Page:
These findings thus suggested that memory training enabled the mild cognitive impairment subjects to recruit new brain areas that they would not have otherwise used in the remembering process. And as Belleville and her colleagues pointed out in their report, "The newly recruited brain regions are those involved in the types of strategies that participants learned to implement." In brief, "Memory training normalizes the brain activation deficits associated with mild cognitive impairment."

Some important questions remain to be answered, though, Belleville and her group acknowledged. For instance, are the brain changes that the researchers found specific to the particular memory training program they used, or would the changes also be triggered by other types of memory training programs?

In any event, their findings indicate that the brains of people with very early Alzheimer's are still quite plastic and "able to recruit new neural circuits to perform demanding memory tasks," they concluded. "The findings also provide empirical support for the use of cognitive training as a potential treatment for people with memory difficulties," they added.

"Obviously these findings need to be replicated in diverse samples before they can be considered as established," Dilip Jeste, M.D., a professor of psychiatry at the University of California, San Diego, a geriatric psychiatrist, and president-elect of APA, said in an interview. "Nonetheless, the results are exciting as they help challenge the traditional notion that the aging brain, especially in people with mild cognitive impairment, is incapable of positive changes such as greater activation following cognitive nonpharmacological interventions."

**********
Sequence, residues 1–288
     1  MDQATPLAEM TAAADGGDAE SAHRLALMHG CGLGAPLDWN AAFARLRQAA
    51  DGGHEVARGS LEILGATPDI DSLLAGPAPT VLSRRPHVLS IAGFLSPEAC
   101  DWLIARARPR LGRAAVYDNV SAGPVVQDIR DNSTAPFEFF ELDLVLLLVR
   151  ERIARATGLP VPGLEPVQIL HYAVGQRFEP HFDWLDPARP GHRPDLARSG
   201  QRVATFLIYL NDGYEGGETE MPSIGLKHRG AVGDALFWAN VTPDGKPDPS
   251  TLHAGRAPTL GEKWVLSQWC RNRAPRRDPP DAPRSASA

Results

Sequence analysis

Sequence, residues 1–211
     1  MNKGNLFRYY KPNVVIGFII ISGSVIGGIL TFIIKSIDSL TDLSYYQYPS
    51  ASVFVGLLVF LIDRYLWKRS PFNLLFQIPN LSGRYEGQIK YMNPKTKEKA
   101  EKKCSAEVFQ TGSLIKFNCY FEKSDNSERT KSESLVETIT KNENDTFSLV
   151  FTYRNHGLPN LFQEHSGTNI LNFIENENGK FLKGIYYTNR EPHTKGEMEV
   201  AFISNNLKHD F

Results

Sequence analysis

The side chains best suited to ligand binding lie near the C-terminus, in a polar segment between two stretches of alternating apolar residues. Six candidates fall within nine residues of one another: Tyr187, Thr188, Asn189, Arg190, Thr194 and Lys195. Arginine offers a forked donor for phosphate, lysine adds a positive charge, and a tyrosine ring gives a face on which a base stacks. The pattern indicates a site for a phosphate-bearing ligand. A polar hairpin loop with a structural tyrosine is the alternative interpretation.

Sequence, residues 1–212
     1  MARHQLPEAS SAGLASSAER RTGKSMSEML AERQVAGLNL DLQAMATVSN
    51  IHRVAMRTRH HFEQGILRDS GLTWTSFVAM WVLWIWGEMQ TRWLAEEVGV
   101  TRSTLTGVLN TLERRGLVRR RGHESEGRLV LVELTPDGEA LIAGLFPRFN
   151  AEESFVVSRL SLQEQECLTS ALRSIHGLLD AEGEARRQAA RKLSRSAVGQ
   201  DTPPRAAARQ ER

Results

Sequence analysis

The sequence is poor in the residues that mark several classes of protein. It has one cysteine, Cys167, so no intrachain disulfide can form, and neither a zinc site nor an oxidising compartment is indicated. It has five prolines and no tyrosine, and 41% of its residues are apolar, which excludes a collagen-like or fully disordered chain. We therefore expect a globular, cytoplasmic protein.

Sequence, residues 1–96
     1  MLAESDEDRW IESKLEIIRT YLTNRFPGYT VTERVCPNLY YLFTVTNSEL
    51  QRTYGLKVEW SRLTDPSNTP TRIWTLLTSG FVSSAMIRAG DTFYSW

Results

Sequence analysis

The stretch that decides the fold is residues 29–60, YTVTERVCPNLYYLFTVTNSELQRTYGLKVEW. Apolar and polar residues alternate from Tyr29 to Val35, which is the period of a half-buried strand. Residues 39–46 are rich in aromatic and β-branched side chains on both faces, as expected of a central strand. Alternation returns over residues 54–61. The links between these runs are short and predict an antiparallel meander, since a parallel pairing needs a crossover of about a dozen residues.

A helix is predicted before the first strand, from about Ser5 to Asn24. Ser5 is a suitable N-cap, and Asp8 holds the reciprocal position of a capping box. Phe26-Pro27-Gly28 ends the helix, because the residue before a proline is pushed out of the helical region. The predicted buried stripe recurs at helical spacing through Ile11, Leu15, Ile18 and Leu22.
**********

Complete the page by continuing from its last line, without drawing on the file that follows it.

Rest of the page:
Belleville and her team will be conducting more research on this subject, she told Psychiatric News. "One will be a large-scale, randomized controlled trial comparing the efficacy of cognitive and psychosocial interventions in mild cognitive impairment and investigating their long-term effect on cognitive decline and progression to dementia and their effect in daily life."

The study was funded by Research Health Funds of Quebec, the University of Montreal Institute of Geriatrics, and the Canadian Institutes for Health Research.

An abstract of "Training-Related Brain Plasticity in Subjects at Risk of Developing Alzheimer's Disease" is posted at <http://brain.oxfordjournals.org/content/134/6/1623.abstract>.14_1.inline-graphic-1.gif

Anchor for JumpAnchor for Jump

Sylvie Bellevile, Ph.D., and her team have received funding to conduct a large-scale, randomized, controlled trial to compare the efficacy of cognitive and psychosocial interventions in mild cognitive impairment. They will also study the effect of these interventions on cognitive decline and progression to dementia. 

Credit: Sylvie Belleville, Ph.D., et al.

Interactive Graphics

Video

NOTE:
Citing articles are presented as examples only. In non-demo SCM6 implementation, integration with CrossRef’s "Cited By" API will populate this tab (http://www.crossref.org/citedby.html).
Related Articles
Articles